From the best dumplings to the best coffee, blogger Geneva Vanderzeil reveals the delights of her home city.
Hong Kong is a city that never sleeps, and you’ll be hard pressed to get any at all while you’re here. If you’re interested in adding a bit of an edge to Hong Kong’s more traditional sights, here’s a perfect top 10 itinerary.
1: Get your caffeine hit
Starting a new day in a new city? Chances are you’re going to need some energy to fuel a long day of walking, eating and shopping. Although coffee culture is relatively new to Hong Kong, there are a few hidden spots that have opened up recently.
Common Ground, on a quiet alleyway above Central, serves top-notch coffee and a simple all-day brunch menu, guaranteed to get you ready for a packed day ahead.
19 Shing Wong Street, mid-levels
2: Wake up with the flower and bird markets
Although somewhat of a perennial favourite, to me the flower markets are a must-do for all visitors to Hong Kong. But instead of simply wandering the streets, take a seat in the nearbybird garden and watch as elderly men from all over the city come to hang out with their friends, usually with their songbird cages in hand.
It’s a rarely seen slice of Hong Kong culture that is perfect in its simplicity.
Both market and garden are in the district of Mong Kok.
3: Load up with porcelain
If there’s one brand I love it’s Loveramics, a home-grown ceramics store. Drawing on traditional Chinese techniques, they create the most amazing modern pieces – perfect for a little gift for a friend, or even yourself.
97 Leighton Road, Causeway Bay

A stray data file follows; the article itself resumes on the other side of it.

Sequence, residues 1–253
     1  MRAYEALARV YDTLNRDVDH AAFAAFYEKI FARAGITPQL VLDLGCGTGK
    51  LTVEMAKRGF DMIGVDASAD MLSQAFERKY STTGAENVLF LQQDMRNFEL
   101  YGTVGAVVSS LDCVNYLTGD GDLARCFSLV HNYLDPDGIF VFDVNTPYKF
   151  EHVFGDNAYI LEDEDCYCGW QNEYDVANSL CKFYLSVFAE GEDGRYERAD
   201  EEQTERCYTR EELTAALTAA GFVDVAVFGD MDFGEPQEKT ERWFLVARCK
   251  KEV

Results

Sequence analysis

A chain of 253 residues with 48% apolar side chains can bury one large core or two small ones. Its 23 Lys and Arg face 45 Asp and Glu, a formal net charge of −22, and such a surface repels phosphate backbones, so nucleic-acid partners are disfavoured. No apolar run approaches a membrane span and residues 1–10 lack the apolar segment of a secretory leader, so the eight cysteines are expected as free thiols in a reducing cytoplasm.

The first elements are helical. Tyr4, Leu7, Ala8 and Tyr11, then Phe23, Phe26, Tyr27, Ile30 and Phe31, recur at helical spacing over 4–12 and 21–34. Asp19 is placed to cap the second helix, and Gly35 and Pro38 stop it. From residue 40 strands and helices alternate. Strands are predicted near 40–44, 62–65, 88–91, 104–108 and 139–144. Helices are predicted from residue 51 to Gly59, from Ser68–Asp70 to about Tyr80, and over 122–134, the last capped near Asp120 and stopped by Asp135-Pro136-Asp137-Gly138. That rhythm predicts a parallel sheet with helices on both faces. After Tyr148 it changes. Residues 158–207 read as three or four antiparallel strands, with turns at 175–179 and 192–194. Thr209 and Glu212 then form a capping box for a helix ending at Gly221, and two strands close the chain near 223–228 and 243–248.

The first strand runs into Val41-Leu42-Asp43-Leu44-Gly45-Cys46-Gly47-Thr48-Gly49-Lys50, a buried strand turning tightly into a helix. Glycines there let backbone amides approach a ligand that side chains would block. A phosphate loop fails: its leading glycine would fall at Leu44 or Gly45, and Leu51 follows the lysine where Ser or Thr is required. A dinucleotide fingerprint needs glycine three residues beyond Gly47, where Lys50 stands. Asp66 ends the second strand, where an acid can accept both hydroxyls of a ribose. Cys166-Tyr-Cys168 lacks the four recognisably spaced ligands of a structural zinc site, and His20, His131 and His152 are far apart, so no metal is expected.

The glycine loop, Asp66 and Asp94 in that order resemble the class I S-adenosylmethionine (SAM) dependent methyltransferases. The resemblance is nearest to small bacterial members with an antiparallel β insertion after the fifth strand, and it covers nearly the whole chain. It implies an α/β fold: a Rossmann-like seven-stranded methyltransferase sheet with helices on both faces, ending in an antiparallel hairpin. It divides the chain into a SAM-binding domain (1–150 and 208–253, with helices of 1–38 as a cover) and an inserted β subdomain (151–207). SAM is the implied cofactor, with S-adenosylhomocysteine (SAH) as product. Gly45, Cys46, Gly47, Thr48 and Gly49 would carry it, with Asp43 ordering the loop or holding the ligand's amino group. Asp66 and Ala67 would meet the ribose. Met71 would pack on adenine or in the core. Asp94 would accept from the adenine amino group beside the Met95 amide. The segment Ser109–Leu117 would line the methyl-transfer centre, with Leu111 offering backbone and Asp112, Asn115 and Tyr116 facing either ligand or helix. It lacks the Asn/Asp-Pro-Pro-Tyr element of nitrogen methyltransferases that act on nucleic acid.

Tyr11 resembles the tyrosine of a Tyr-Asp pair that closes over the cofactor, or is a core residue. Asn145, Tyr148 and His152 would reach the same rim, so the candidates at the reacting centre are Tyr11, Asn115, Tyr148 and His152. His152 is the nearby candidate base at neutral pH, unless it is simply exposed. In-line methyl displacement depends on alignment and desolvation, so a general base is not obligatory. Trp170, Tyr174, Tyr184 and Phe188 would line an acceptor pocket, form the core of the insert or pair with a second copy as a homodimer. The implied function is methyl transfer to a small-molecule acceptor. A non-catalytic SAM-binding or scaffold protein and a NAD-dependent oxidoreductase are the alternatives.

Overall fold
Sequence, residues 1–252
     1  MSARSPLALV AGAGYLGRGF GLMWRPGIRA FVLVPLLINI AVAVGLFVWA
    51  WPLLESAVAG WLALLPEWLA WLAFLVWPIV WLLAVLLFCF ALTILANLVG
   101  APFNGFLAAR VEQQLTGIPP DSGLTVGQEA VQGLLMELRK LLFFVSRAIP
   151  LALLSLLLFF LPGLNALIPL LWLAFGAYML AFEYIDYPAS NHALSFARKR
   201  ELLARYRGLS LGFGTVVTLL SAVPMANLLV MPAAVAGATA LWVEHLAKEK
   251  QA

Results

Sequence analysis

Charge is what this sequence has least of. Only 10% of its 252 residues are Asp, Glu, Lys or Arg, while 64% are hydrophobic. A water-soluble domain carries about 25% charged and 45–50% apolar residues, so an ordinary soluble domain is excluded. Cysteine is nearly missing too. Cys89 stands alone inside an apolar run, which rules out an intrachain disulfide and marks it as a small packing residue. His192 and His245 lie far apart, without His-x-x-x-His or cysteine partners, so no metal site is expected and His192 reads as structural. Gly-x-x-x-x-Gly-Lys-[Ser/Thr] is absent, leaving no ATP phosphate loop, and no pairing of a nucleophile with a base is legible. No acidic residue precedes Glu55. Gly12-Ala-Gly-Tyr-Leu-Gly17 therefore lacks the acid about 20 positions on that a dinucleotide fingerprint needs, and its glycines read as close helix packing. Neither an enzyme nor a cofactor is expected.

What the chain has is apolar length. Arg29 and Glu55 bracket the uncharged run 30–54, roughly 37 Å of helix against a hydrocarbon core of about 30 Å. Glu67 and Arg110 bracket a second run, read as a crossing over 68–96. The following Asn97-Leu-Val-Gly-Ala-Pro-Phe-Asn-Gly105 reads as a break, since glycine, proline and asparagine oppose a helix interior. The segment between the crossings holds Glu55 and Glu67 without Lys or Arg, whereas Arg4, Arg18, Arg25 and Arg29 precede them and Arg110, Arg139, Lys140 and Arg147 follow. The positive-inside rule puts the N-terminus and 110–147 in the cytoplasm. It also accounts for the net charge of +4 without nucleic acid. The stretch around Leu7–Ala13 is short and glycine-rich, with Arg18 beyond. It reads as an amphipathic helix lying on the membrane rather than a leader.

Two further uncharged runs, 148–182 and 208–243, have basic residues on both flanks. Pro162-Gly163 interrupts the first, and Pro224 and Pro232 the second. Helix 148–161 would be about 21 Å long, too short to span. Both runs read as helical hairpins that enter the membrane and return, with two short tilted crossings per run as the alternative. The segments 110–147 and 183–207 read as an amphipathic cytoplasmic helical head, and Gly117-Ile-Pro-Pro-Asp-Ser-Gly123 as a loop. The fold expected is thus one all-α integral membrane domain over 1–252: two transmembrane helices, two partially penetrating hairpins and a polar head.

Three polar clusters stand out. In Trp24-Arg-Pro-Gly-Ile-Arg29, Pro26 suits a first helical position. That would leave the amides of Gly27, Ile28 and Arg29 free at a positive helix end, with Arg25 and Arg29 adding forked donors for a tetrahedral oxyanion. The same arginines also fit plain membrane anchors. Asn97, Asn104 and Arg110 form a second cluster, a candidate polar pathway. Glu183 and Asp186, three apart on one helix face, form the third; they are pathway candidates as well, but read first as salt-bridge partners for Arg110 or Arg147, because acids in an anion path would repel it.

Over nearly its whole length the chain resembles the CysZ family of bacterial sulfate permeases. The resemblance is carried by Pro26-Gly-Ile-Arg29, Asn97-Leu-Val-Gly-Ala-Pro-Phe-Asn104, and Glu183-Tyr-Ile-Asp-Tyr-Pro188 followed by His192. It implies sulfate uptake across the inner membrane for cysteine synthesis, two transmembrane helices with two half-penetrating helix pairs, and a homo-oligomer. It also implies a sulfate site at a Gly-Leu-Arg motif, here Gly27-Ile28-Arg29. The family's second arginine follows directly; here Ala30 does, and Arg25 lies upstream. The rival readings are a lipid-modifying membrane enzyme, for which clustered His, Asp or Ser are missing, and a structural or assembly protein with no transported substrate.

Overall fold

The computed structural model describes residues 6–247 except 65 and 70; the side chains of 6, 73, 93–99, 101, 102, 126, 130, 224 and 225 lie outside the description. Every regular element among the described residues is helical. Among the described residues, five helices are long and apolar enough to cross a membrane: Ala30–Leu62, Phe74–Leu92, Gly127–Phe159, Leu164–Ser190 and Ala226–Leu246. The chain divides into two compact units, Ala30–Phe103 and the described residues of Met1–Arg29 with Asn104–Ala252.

4: Find yourself a speakeasy
At the end of a long day in this hectic city, you may be tempted to pull up stumps at the closest pub. However, if your energy levels allow, I highly recommend seeking out Stockton, a weird and wonderful speakeasy-style bar hidden in an alleyway in Central.
With taxidermy, a vault-turned-private-room and big leather couches, chances are you’ll while away at least a few hours here.
32 Wyndham Street, Central
5: Try some traditional egg waffles
Hong Kong isn’t known for its street food like a few other Asian cities, but it does have a delicious egg waffle tradition, perfect for a late-afternoon carbohydrate hit.
Rather than sample the traditional version, I suggest seeking out Oddies Foodies, a shop in Wan Chai that creates out-of-this-world desserts – my favourite being a chocolate-filled egg waffle wedged in a chocolate gelato cup. The shop is so small you have to eat on the street, but I’m telling you, it won’t matter.
Shop 1F, G/F
149 Wan Chai Road
6: Take tea in an alley
Looking for that perfect cup of masala chai? Look no further than Teakha. Vaguely Japanese in style, this little teahouse turns out the most divine green tea cheesecake. Don’t expect your tea to come in a hurry (it’s freshly brewed), so use this as an opportunity to take a breath and relax.
Shop B, 18 Tai Ping Shan Street
7: Gobble Grandma’s dumplings
Dumplings, and buns, prevail in Hong Kong. In my opinion, the best dumplings in Hong Kong are served up by chef Jowett Yu, previously of Mr Wong and Ms G’s in Sydney, at Ho Lee Fook using his grandmother’s recipe. Words cannot describe the deliciousness. Just go to this curiously named gem.
Ho Lee Fook
1 Elgin Street, Central
8: Try out some craft
The traditional craft district of Sham Shui Po is becoming gentrified, as younger generations of the hip and creative move their studios and businesses in. Nam Cheong Street is now home to a number of stores that will walk you through the leather-making process. You’ll be a handbag designer before you know it!
9: See how the other half lives
Hong Kong is a shopper’s heaven, that goes without saying, with malls as far as the eye can see. For a glimpse of how the other half lives, make sure you stop at Joyce on Queens Road, a boutique department store with a highly curated collection of designer wares, from couture gowns to confusingly chic accessories.
10: Hit the beach
I’m not going to pretend that Hong Kong’s beaches are up there with Australia’s, but visitors are often surprised by how gorgeous they are. Although it’s a serious trip (an hour by taxi and then an hour’s hike), a visit to Tai Long Wan in Sai Kung will surprise and delight you.
If the thought of such an adventure scares you, opt for one of the beaches on Hong Kong Island, such as South Bay. If you like, take a dip at Repulse Bay, after lunch at the gorgeous restaurant, Limewood.
Words by Geneva Vanderzeil